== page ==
Throughout the Bronze Age, the Hurrian people thrived across Northern Mesopotamia, then disappeared from history for nearly 3,000 years.
A Lost People
The Hurrians, once a powerful people in the ancient Near East, were lost to history for centuries until a letter was discovered in Egypt that had been written in an unknown language. This letter was part of the Amarna Archive, a library of documents found in the ruined city of Tel el Amarna, which contained records of diplomatic correspondence from Egypt’s 18th Dynasty. At first this unknown language was labeled “Mittani” after its kingdom of origin, but scholars soon began to unravel clues that connected this language to others from throughout the ancient Near East.
The first clue came when Archibalb Sayce, while working to translate these records, realized that notations in another Amarna Letter, this one written in Akkadian, where references to words that were in the “Mittani” letter. Further study showed that these words also appeared in many Old and Middle Babylonian names. Then,with the unearthing of the Hittite archives at Hattusha, even more documents in the hitherto unknown language emerged.
Origins Of The Hurrian Language
This “new” language was then connected to references made in Akkadian documents of the Old Babylonian Period, to the “Land of the Harri.” It was then realized that the second half of the word had been mistranslated, and the name Hurri, and thus Hurrians, came into use. The similarity between “Harri” and “Aryan” lead to theories that connected these two ancient peoples, but these theories had to be abandoned in light of new contradictory evidence. Yet some older texts do readily, albeit seemingly incorrectly, associate Hurrians and Aryans as related peoples.
At first, the “new” language itself was nearly named “Subarian”, because the name of the Northern Mesopotamian region in question had been called Subartu in ancient times. The continued efforts of E.A. Speiser, who wrote the definitive grammar of the language in 1941, eventually standardized the name Hurrian as a descriptive of both the language and the people who spoke it.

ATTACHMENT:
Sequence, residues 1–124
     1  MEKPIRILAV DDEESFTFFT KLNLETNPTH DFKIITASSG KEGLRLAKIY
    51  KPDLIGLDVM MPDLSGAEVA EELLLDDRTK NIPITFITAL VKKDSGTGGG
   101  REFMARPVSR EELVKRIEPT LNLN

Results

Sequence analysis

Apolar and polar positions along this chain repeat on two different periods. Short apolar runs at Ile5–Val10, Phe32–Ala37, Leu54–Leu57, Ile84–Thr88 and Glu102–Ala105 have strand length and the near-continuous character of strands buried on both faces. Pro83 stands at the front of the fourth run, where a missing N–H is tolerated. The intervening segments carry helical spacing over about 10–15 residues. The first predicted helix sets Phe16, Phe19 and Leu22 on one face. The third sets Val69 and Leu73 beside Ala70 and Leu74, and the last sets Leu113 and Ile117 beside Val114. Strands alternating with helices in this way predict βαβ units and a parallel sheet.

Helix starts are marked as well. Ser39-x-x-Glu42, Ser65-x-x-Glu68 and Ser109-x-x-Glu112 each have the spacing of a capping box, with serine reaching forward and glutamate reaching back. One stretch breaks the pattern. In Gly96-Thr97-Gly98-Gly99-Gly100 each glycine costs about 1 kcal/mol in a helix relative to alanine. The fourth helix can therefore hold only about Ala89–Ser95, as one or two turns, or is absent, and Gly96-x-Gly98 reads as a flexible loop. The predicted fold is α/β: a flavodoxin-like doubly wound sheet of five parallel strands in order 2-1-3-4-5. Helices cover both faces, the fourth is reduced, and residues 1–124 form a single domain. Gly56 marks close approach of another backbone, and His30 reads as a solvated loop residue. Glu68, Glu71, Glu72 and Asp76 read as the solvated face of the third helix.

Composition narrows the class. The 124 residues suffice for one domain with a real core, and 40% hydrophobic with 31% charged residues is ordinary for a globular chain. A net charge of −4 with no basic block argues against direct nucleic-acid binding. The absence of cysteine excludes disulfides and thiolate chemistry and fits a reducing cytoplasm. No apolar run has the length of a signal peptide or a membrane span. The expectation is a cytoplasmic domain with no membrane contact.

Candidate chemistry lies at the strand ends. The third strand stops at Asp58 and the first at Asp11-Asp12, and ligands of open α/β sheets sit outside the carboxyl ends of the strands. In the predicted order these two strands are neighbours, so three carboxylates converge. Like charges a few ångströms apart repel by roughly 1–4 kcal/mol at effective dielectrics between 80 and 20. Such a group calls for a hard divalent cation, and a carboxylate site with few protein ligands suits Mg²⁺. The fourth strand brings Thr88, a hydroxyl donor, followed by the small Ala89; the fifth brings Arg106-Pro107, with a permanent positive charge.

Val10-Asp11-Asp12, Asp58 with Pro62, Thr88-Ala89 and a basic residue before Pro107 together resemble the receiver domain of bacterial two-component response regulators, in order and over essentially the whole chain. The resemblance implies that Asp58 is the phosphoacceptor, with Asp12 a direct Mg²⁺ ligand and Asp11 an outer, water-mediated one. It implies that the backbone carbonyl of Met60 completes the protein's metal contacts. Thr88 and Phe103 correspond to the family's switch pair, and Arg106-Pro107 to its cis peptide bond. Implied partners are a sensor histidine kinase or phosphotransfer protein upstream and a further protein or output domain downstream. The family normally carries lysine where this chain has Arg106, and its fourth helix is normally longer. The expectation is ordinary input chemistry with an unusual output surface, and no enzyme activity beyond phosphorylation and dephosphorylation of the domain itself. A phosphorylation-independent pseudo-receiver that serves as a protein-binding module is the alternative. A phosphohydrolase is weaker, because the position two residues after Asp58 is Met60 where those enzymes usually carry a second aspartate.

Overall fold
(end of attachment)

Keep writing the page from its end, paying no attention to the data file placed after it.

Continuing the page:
After the realization that a previously unknown group of people, with their own distinctive language, existed during the Late Bronze Age, modern scholars were able to associate new and existing archeological evidence with the Hurrians. Before long, a vibrant Hurrian culture was identified ranging from the foothills of to Zagros Mountains to the shores of the Mediterranean Sea. Locations such as Nuzi, Alalakh, and Ugarit have provided items ranging from cylinder seals to palatial rooms which have further illuminated this nearly lost people.
Hurrian Technologocal Contributions
In ancient times, the kingdom of Mittani was a cosmopolitan center, and its population a mixture of many different cultures from throughout the region. The Hurrians are now understood to have been central components of this civilization. This Kingdom was organized around a population of elite chariot warriors known as the Maryannu. Records from the period show a society structured to support these warriors. These chariots, with heavily armored archers, were the most effective weapons of the era, analogous to modern day battle tanks.
From the records found in Hattusha, it is clear that the Hittites placed a great deal of faith in Hurrian technology. One account of a siege tells how a Hittite king ordered the construction of a “Hurrian Ram” to batter down a gate. Another ancient text reveals that that the Hittites followed horse training techniques learned from the Hurrians.
Although the Hurrians northern neighbors, the Hittites, once also missing from history, have gained an entire discipline of Hittitology, no such fortune has befallen these ancient folk. They Hurrians are usually studied as a footnote to Hittite, Assyrian or Egyptian Studies. Even though they are often overlooked, their role in history has proven to be a vital one.
Situated as they were across Norther Mesopotamia and the Levant, the Hurrians seem to have been a conduit for knowledge being passed from Babylonia in southern Iraq to the Hittites in Anatolia. From Anatolia, legends and myths eventually found there way to Europe. Today, some of the oldest Greek Myths, those pillars of western culture, can be traced back to influences from the East and the nearly forgotten Hurrians.